GREEN GHOST AND THE MASTERS OF THE STONE
Imagine having enough money to finance your own film. You create the story. You can hire known names to appear. You can even star in the film and give yourself not one, not two, not even three but six screen credits. Well, imagine no more, for behold Green Ghost and the Masters of Stone, which may be the Citizen Kane of vanity projects.
Struggling car dealer Charlie (Charlie Clark) moonlights as a lucha libre fighter known as "Green Ghost" (a play on "gringo"), though to be fair his unofficial brother Marco aka "MexiCan" (Kuno Becker) does most if not all the actual wrestling. Charlie, the unofficial son of a Mexican family, has been deliberately kept in the dark about a deep adoptive family secret.
He is part of a Mayan prophesy on the Apocalypse. Marco and his sister Karina (Sofia Pernas), along with their beloved Nana (Renee Victor) are the Trio of Light, who must stop the embodiment of the Apocalypse from destroying the world. That will be difficult as the Apocalypse is their cousin. Nana's sister Lechusa (Elpidia Carrillo) has birthed the Apocalypse, whose name is Drake (Marko Zazor). Yes, Drake.
With Nana temporarily out of commission, the Trio of Light needs a third. Enter our Gringo/Green Ghost, who needs a crash course in training to fight evil. Among his three trainers are Master Gin (Danny Trejo), who has mastered the drunken part of "drunken master" but not much else. Now all three must join together to stop Apocalypse Drake and save the world.
Reviewing Green Ghost and the Masters of the Stone is difficult for me for one major reason.
I find Charlie Clark annoying.
First, a little background.
Charlie Clark, twice-credited star, producer, executive producer, story by and cowriter of Green Ghost, is a literal used car salesman*. Many used car salesmen need gimmicks or schtick to separate themselves, and Mr. Clark's schtick is that of "Anglo white guy who is really more Mexican than tequila". He speaks Spanish fluently! He grew up watching Lucha Libre and Chapulin Colorado! He says "ORALE!" a lot! He likes carne asada!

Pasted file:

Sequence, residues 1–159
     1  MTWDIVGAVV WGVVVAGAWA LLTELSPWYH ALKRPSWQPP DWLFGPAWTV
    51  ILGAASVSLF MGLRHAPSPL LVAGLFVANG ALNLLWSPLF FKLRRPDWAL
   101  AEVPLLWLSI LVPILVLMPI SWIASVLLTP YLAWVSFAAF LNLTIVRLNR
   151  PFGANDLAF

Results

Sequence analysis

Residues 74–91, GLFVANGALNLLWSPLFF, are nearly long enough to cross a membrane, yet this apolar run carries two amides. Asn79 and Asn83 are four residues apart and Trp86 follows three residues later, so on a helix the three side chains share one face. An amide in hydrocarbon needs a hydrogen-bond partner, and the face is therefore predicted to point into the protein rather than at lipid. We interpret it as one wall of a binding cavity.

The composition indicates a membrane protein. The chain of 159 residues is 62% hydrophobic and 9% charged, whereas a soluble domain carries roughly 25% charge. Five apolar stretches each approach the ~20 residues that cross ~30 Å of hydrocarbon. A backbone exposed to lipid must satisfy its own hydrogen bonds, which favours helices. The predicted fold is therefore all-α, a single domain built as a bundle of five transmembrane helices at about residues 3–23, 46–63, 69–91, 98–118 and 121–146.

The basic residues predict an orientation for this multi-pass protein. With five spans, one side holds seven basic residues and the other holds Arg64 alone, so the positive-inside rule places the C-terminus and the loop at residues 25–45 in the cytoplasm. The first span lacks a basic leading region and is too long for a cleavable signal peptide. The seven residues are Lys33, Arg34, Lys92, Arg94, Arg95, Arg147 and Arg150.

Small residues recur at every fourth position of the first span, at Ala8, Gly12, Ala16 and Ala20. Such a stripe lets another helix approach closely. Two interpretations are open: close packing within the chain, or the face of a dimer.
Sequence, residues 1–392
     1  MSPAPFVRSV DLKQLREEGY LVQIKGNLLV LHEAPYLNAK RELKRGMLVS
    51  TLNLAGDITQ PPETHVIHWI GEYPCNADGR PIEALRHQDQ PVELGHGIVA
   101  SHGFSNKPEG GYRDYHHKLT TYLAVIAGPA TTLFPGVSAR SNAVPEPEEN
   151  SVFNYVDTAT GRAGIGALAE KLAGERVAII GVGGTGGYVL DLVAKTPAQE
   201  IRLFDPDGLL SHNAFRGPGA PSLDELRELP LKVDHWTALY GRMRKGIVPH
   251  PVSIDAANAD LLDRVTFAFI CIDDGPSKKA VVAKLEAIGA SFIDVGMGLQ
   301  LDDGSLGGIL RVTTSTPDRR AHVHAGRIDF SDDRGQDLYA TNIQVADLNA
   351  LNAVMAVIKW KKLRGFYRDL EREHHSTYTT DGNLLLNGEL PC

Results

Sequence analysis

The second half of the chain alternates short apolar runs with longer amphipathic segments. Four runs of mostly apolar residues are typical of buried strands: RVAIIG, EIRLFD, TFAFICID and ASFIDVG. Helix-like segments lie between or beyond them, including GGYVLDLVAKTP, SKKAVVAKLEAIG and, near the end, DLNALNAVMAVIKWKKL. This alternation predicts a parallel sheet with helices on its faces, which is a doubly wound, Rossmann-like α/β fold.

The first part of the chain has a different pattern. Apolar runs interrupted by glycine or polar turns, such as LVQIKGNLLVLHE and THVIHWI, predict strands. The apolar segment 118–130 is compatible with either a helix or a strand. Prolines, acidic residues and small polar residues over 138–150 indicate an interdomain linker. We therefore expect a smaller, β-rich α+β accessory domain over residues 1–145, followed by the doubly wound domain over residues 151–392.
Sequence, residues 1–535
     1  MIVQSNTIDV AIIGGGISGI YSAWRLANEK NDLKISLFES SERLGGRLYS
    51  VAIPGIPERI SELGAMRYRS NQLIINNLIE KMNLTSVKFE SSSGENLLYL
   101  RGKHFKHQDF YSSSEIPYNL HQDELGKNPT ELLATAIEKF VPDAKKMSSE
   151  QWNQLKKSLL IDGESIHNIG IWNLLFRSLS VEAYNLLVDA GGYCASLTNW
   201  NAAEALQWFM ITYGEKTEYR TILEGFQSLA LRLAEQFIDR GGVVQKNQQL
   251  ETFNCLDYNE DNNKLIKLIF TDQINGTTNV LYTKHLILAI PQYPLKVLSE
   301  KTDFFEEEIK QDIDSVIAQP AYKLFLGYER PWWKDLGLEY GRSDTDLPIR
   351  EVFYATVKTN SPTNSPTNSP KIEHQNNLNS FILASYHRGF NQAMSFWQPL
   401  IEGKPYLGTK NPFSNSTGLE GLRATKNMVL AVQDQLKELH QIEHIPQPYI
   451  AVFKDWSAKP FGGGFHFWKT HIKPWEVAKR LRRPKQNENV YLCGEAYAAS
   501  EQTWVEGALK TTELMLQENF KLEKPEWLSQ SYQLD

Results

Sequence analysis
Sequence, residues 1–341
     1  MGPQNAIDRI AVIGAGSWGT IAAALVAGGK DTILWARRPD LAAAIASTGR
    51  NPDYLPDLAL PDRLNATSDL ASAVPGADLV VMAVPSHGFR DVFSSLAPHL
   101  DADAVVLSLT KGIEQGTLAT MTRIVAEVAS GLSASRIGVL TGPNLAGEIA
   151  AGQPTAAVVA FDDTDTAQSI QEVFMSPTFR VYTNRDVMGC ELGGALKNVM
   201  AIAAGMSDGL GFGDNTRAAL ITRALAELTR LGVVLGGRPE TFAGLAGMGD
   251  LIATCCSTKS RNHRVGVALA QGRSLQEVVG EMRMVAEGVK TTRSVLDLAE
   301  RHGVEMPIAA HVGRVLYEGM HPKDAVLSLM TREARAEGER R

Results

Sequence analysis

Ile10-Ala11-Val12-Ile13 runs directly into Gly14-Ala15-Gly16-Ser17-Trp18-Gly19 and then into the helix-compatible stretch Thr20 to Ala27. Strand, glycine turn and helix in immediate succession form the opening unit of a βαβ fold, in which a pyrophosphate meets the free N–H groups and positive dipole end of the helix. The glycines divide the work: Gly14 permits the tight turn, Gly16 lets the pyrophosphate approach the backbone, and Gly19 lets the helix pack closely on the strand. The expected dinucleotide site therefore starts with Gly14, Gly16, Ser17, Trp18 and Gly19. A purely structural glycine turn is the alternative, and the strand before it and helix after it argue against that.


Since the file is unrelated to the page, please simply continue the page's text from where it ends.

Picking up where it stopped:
Some would call such behavior "cultural appropriation". Charlie Clark clearly would not, and to be fair his Spanish is strong (the film is peppered with multilingual dialogue). Maybe he thought the sight of him flinging tortillas at the villains would be funny. Even if it were, why give us the villains' POV on said tortilla flinging?
I am vaguely aware of who this man is and am not impressed with his schtick. I was therefore stunned to find he was starring in his own feature film. Even now, I still cannot believe it. Everything about Green Ghost is so self-aggrandizing, like a middle-aged man having the financial resources to live out oddball childhood fantasies. That a man clearly incapable of acting had a large enough ego to cast himself as the lead is already bad enough.
As a side note, as the film progresses, I think Clark didn't even bother trying to act. It makes those moments where Charlie the character has some kind of dramatic moments all the more eye-rolling.
That he was so egocentric that he was almost delightfully unaware that Green Ghost made no sense, even by its low standards, makes things more cringe than funny. When we get flashbacks to Charlie's early years, young Charlie is around Marco's age if not younger. As adults, Charlie looks at least a decade older than Marco. Granted, Kuno Becker looks younger than his 44 years in Green Ghost, but Clark is clearly older. Sometimes he looks like Marco's father, yet we're asked to believe they grew up together or more bizarrely, that Charlie is even younger than Marco!